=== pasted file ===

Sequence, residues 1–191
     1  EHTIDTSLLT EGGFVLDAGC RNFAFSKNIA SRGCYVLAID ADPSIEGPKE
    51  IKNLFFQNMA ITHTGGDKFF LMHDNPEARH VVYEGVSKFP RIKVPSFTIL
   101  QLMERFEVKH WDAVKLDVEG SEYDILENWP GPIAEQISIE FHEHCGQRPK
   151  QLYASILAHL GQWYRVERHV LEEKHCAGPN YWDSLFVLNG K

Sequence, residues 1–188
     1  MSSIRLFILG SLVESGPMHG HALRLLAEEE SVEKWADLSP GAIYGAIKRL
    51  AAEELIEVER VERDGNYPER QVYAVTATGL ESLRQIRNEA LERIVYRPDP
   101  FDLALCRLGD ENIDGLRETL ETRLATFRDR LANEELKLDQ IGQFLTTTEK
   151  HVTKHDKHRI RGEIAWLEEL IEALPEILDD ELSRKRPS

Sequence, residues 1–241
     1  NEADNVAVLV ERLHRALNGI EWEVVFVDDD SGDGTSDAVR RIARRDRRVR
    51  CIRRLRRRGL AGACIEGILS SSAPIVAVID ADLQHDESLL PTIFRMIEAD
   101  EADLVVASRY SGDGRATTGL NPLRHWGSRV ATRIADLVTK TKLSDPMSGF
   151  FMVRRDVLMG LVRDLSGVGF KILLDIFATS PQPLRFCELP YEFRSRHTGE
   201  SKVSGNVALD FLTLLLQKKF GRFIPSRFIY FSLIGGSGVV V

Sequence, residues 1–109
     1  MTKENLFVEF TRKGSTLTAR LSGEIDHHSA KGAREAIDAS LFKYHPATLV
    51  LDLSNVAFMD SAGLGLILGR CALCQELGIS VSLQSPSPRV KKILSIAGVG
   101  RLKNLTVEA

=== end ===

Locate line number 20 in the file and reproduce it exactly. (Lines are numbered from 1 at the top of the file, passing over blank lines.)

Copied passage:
   101  RLKNLTVEA